Whole exome sequencing of known eye genes reveals genetic causes for high myopia

Hum Mol Genet. 2022 Sep 29;31(19):3290-3298. doi: 10.1093/hmg/ddac113.


High myopia [refractive error ≤ -6 diopters (D)] is a heterogeneous condition, and without clear accompanying features, it can be difficult to pinpoint a genetic cause. This observational study aimed to evaluate the utility of whole exome sequencing (WES) using an eye disorder gene panel in European patients with high myopia. Patients with high myopia were recruited by ophthalmologists and clinical geneticists. Clinical features were categorized into isolated high myopia, high myopia with other ocular involvement or with systemic involvement. WES was performed and an eye disorder gene panel of ~500 genes was evaluated. Hundred and thirteen patients with high myopia [mean (SD) refractive error - 11.8D (5.2)] were included. Of these, 53% were children younger than 12 years of age (53%), 13.3% were aged 12-18 years and 34% were adults (aged > 18 years). Twenty-three out of 113 patients (20%) received a genetic diagnosis of which 11 patients displayed additional ocular or systemic involvement. Pathogenic variants were identified in retinal dystrophy genes (e.g. GUCY2D and CACNA1F), connective tissue disease genes (e.g. COL18A1 and COL2A1), non-syndromic high myopia genes (ARR3), ocular development genes (e.g. PAX6) and other genes (ASPH and CNNM4). In 20% of our high myopic study population, WES using an eye gene panel enabled us to diagnose the genetic cause for this disorder. Eye genes known to cause retinal dystrophy, developmental or syndromic disorders can cause high myopia without apparent clinical features of other pathology.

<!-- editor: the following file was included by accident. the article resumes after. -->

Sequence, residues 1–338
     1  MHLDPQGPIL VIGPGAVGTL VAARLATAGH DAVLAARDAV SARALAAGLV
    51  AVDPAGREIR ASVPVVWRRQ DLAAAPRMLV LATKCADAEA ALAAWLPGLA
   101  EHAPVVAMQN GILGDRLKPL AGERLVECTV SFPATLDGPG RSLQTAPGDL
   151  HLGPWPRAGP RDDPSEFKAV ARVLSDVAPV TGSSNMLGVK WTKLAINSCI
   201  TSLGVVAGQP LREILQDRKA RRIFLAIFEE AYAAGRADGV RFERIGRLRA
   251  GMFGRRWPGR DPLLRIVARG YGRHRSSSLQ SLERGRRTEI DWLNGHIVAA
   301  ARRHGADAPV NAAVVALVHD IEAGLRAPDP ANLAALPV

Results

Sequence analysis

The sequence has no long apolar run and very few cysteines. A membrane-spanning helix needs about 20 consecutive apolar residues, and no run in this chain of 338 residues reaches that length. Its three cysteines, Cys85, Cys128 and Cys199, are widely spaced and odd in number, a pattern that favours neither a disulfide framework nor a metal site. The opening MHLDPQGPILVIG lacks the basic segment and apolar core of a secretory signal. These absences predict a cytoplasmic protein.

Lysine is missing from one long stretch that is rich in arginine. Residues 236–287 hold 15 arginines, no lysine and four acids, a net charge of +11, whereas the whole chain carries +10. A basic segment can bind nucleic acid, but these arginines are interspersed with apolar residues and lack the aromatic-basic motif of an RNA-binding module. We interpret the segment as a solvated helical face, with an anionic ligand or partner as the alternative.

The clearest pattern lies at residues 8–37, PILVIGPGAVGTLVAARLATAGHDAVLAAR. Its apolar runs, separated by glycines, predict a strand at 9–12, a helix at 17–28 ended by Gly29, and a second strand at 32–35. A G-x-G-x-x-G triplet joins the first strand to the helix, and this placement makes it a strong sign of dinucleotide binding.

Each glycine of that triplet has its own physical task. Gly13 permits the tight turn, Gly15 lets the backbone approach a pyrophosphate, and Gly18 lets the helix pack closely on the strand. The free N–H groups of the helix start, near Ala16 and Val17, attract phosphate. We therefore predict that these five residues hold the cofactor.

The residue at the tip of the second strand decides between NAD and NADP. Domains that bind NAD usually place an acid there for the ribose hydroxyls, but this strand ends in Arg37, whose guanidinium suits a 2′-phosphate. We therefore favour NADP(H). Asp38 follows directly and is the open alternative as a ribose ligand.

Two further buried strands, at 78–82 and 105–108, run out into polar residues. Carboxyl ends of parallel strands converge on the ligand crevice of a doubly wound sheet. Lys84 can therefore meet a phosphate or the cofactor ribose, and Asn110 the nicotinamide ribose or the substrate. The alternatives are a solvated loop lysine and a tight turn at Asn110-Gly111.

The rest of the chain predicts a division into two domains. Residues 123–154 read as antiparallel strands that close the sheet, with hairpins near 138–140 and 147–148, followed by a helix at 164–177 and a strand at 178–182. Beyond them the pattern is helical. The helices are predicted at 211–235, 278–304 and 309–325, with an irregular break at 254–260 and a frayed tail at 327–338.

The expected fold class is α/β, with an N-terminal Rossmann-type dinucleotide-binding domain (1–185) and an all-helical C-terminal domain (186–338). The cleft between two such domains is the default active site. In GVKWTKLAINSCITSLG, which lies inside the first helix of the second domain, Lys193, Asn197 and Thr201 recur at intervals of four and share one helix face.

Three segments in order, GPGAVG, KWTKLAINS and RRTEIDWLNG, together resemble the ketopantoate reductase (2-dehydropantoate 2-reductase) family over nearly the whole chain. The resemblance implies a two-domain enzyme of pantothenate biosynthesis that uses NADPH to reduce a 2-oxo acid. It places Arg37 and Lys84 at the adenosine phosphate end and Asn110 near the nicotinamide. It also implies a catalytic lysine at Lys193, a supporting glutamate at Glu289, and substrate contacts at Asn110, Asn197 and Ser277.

Publication types

  • Observational Study
  • Research Support, Non-U.S. Gov't

MeSH terms

  • Adult
  • Child
  • Exome Sequencing
  • Eye
  • Eye Proteins / genetics
  • Humans
  • Myopia* / genetics
  • Retinal Dystrophies* / genetics


  • Eye Proteins